The Real Reason Samin Nosrat Cooks With So Much Cardamom - Exclusive

Mashed recently spoke with American chef and author Samin Nosrat about her role in the new Netflix show, Waffles + Mochi. While the heartfelt and educational kids cooking show is building childhood memories centered around food for many of its viewers, we wanted to talk to Nosrat about her own favorite food memories. What she revealed is that watching her family cook while growing up made one spice in particular, cardamom, one of her most used ingredients.

"My mom is a great cook and food was such an important part of my childhood," Nosrat said. "My aunts and my uncles all variously lived with us at different points of my childhood, and so my aunt was really talented at making baklava." In her family, baklava made a noteworthy appearance during the spring. Nosrat explained that each Persian New Year, on a special table, seven ceremonial items are set out that start with the Persian letter S. She continued, "Then also to celebrate the new year, you have a bunch of sweets to sweeten the holiday and begin the new year on a sweet note. Traditionally, one of the sweets is baklava." But it wasn't just the baklava that made cardamom special to her.

Nosrat's family brought ingredients from Iran

"Persian baklava is not made with honey, it's made with simple syrup and there's lots of cardamom and pistachios, and my aunt made the most delicious baklava," Nosrat shared. "So I just remember watching her make it and soak the baklava with this incredibly rich simple syrup that was so fragrant with cardamom and cutting the pieces of baklava into diamonds. And just impatiently waiting for our chance to eat a piece, and just how incredibly sweet and soaked with this syrup it would be," she said. That feeling of waiting as your mouth waters for a sweet treat is one most people can understand well. But before the baklava could be made, some of the ingredients had to make a long journey to San Diego from Iran in the suitcases of her family.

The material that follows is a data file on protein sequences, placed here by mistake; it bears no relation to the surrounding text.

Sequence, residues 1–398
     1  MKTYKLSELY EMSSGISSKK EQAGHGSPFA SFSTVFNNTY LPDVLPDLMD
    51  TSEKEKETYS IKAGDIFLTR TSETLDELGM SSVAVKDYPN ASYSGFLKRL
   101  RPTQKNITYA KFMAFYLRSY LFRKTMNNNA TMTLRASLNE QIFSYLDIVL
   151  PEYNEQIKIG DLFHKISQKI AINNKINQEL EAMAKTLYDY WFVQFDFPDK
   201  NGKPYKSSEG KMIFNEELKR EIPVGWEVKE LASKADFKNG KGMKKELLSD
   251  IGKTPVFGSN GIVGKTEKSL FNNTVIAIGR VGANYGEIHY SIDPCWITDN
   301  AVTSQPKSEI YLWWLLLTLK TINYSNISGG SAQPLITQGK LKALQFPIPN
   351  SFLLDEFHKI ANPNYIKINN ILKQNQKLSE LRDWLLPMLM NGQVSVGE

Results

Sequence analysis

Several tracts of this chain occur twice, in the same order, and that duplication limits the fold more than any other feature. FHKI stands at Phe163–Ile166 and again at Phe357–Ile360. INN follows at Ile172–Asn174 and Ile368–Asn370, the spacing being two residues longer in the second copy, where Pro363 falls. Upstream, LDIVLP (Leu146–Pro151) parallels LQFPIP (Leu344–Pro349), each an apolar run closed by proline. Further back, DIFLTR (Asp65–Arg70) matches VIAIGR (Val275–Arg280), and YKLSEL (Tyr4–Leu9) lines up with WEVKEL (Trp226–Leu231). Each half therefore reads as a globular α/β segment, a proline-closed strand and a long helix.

"Usually, our grandmother or another family member coming from Iran would bring all of these nuts from different nut shops for us, and so all the pistachios were from Iran. So another very clear memory was the moment after we'd pick somebody up from the airport," the chef said. It was the long journey and many steps that it took to put together her aunt's baklava for Persian New Year that brings back such fond memories of the spice for Nosrat.

For Samin Nosrat, cardamom is tied to her childhood

After picking up her family at the Los Angeles airport and driving back home to San Diego, Nosrat and her family would be so excited to see what treats and ingredients their family had brought with them. "Then we're like, 'What did you bring us? What did you bring us?' They would open up these suitcases, which were usually like decades old and smelled really musty, and then we just couldn't wait to see what they brought us and all the different nuts and saffron and fruits and dried fruits," she said. Another treat she often looked forward to was cheek-puckering sour plum fruit leathers her grandmother would make.

Those family suitcases, and all the treasures they held, still influence Nosrat's cooking. "So that smell ... to me cardamom, I definitely overuse cardamom in my cooking, I would say it's probably my most used spice, definitely my most used sweet spice. I think probably my next cookbook, people are going to be like, 'What is wrong with this lady? She puts cardamom in everything.' But it's super nostalgic, it's super emotional for me, and it really is connected to that baklava, to my childhood." With such fond memories, it's no wonder she enjoys cooking with the spice so much.

You can see chef and author Samin Nosrat (along with former First Lady Michelle Obama and other talented guests) on Waffles + Mochi, streaming now on Netflix.